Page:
Lehman softball rising like a phoenix, thanks to new coach


Lehman softball was headed for yet another forgettable campaign. 

A year removed from a season in which the Lightning had just nine players on their roster, this campaign looked to be a repeat of last year — or even worse.

The Lightning kicked off their 2017 season with eight straight losses, which were followed by 10 consecutive postponements due to weather. During that bad weather stretch, former coach Don Gannon resigned, adding yet more adversity to Lehman’s season.

A last place finish in the City University of New York Athletic Conference seemed all but assured. The only question seemed to be just how many games Lehman would lose this year?

But a funny thing happened on the way to that basement. New coach Erin Van Nostrand, the school’s assistant athletic director and a former Division III national softball coach of the year, took over the program and proceeded to build it in her image. After a few weeks, the losses began to slow, the wins started coming with more regularity. And last week the Lightning, riding a six-game winning streak, actually clinched a postseason berth in the CUNYAC Tournament.

A far as resurrections go, this one was right up there with Lazarus.

“We actually got a more experienced coach, now and I think that made all the difference,” junior pitcher Yaidee Nieves said. “Our mechanics were a little rusty when she came in, and she fixed it up for us.”

That may be oversimplifying it a tad because when Van Nostand took the reins, she had to give the Lightning a rather extreme makeover. Think of it as a softball bootcamp.

“I think I tried to do what I’ve always done, and then I realized I needed to stop and go back to basics. And I mean back to basics,” said Van Nostrand, who led Pacific Lutheran University of Washington to the Division III national championship in 2012. “Literally there was one day when all I did was teach them about sliding. When to slide, where to slide, how to slide, slide and get back up, slide and find the ball. Basic stuff.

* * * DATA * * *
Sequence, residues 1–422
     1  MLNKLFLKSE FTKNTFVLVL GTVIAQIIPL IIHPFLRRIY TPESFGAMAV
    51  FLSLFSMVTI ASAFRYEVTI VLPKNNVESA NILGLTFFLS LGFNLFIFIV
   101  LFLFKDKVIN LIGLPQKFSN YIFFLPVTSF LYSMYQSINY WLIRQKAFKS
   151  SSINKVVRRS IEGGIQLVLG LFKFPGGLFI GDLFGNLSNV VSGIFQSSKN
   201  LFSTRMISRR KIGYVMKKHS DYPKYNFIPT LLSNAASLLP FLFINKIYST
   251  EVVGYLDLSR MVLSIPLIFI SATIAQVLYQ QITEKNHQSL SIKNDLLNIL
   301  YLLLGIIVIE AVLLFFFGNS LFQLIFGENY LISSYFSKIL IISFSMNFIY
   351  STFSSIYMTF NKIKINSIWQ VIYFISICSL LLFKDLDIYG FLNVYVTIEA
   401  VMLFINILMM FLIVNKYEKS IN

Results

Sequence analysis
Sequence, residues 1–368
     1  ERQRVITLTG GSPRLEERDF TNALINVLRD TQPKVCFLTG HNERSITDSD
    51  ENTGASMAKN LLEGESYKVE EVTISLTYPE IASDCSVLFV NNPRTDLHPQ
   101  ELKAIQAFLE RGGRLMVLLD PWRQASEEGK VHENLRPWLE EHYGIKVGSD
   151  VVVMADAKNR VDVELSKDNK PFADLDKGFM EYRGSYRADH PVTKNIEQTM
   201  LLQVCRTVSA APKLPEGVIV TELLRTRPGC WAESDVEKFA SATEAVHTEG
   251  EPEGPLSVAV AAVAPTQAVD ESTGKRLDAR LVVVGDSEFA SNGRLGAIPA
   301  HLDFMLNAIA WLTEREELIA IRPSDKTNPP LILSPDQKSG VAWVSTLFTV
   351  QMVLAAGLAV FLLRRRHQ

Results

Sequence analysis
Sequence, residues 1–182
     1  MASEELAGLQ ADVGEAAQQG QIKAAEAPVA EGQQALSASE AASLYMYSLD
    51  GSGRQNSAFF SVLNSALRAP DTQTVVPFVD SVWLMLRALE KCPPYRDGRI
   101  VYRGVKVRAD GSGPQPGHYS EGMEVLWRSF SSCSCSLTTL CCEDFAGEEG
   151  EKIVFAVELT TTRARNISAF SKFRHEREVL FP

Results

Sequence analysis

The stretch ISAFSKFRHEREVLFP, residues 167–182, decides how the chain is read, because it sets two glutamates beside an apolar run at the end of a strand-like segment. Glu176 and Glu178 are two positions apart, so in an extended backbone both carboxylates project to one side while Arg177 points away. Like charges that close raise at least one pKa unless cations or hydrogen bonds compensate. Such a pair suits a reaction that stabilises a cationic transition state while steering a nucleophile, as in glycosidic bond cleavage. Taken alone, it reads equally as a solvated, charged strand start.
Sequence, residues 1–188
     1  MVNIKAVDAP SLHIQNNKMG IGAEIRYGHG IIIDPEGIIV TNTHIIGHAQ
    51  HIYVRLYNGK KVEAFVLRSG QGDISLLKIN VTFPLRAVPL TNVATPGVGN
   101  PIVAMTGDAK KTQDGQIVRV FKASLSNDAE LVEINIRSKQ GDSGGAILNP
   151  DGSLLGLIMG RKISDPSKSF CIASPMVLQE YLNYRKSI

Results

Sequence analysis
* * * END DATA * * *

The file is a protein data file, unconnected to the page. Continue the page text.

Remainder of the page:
“We’re fast and we are athletic so we rely on putting the ball in play and using our athleticism and be aggressive.”

There also were countless batting and fielding drills designed to improve the team. But the most important thing that changed for the Lightning was between their ears — Van Nostrand gave the players an attitude adjustment.

“They had a losing mindset and a defeated mindset,” she said. “So I had to try and change that. This is a game of failure, so it’s not the end of the world if you fail.” 

Van Nostrand said it was a recent doubleheader sweep of Baruch when she saw the light go on.

“For me, the biggest thing was we beat Baruch twice, but we came back from behind in both games,” Van Nostrand said. “That was almost more important than the wins. We didn’t fold our tents and throw a pity party and go home. We battled.”

The Lightning concluded the CUNYAC season with that six-game winning streak, something that would have seemed unfathomable just a few weeks earlier. But it didn’t come as a shock to the new coach.

“I can’t say I’m surprised that we’re more competitive because there is more talent here than I think they even know,” Van Nostrand said. “They just need to believe in that and believe in what we’re teaching, and just go out and play the game. 

“I figured we could probably make the playoffs. But did I think we had the potential to finish in third place? No. But they are a good group of kids and they bought into what we’re doing.”

Lehman now is focused on May 3 — a game which takes place after The Press publishes — when the Lightning hosts either Brooklyn or Baruch at 4 p.m., in a first-round CUNYAC playoff game no one saw coming. 

The early-season losing streak, the endless postponements, the coach’s resignation — it all seems like such a long time ago now.

“I’m very excited,” said Nieves, who likely will be Lehman’s starting pitcher in the playoff game. “Basically going from last place to third place is very exciting, especially for us, because a lot of teams would look at us and be like, ‘Ah Lehman, they’re not that good, they’re not going to make it.’ 

“But here we are.”